A lonely photographer begins to lose his grip on reality when he spots a mysterious doppelgänger roaming the streets.
Credits / Collaborators / Cast
Written & Directed by Mike Klubeck
Collin/The Doppelgänger…Dane Clarke II
Body Double…Andy Charles
Man in the Park…Isaac Nevrla
Director of Photography…Mike Klubeck
Assistant Camera…Nick Freeman
Production Sound Mixer…Ian Hunter
Production Design… Mike Klubeck
Composed by Antonio Romero
Post Sound Design and Mix by Tom Baylis
Music by…Beth Million
Special Thanks…Rommy Hidmi
The story behind the film
Photocopy came from a time of stagnation and isolation. Graduating college into a tumultuous 2020 full of pain and self-discovery left me feeling changed — I was aware of my personal growth and felt closer to my true self, but simultaneously felt distant from the self I had known the rest of my adolescence. How could I feel so close yet so distant from my identity? What does that mean about who I truly am? What does it mean for my understanding of myself, for the people I love, if there is no single, constant me? I wrote these feelings into the mind of my protagonist, Collin, and personified the inner disconnect in the form of a doppelgänger.
In our culture, the doppelgänger has often been used as a horror trope — a mysteriously familiar omen of death. Why is the idea of a doppelgänger so horrifying? It’s likely that seeing one’s self would lead anyone spiraling into insanity, causing us to question our own identities and realities. However, what if these fears were unfounded? Instead of losing a sense of identity by seeing ourselves, what if it actually allowed us to have a better understanding of our identity? Perhaps with an outside perspective, we can widen the lens we view ourselves through, and realize our identities comprise of so much more than our current trials and tribulations. I hope to subvert the classical horror trope by revealing the doppelgänger to not be the problem, but the answer.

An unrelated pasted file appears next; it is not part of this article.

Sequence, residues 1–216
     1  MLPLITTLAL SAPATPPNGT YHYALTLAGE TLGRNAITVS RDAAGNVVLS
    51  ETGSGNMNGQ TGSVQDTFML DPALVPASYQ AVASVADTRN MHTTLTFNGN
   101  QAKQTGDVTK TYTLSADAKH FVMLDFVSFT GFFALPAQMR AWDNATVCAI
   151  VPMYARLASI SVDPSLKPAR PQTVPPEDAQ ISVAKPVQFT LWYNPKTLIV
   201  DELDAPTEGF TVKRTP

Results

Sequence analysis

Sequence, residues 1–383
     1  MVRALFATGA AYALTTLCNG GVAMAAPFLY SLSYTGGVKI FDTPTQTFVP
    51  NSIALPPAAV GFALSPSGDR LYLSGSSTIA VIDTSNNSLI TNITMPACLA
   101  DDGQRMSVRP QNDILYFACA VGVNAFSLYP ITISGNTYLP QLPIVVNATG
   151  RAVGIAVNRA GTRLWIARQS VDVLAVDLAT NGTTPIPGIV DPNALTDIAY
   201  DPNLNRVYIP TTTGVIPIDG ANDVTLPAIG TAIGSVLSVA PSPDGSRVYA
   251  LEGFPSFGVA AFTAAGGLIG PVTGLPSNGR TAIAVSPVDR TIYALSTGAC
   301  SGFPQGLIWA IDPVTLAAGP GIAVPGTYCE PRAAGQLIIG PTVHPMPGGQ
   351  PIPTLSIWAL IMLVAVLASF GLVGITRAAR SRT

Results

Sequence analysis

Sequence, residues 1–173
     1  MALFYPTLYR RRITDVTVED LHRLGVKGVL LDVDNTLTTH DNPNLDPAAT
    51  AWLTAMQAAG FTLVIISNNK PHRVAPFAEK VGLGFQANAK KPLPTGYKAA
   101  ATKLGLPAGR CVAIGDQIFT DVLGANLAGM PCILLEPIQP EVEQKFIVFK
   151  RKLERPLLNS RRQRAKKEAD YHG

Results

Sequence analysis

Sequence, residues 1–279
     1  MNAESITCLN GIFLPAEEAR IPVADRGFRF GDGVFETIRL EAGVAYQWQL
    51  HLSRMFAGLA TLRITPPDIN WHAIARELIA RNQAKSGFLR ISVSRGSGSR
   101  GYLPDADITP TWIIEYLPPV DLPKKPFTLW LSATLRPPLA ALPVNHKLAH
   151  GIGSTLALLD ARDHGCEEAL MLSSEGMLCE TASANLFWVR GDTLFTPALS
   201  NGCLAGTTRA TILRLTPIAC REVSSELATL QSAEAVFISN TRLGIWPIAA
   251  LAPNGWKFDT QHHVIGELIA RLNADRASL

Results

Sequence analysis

I wrote Photocopy to explore the relationship my identity has with my adolescence as I transition to adulthood, merging psychological horror with the coming-of-age film to tell a story with both suspense and heart. I resonate most with films such as The Graduate and Lady Bird — films that make the audience consider their identities; their pasts, presents, and futures, and how they all contradict each other to tell us who we truly are. Writing this film has helped me realize that my identity isn’t one or the other; it isn’t just my past or just my present — it’s cumulative and ever-changing.
I don’t intend to speak for everyone with the ideas of self-exploration that I portray in this film, and I certainly don’t claim that I’ve figured out the answers to the questions I’ve posed. However, through writing this film, I have become comfortable with the idea of change and embrace it as part of life instead of fearing it, a sentiment I hope will be shared by its audiences.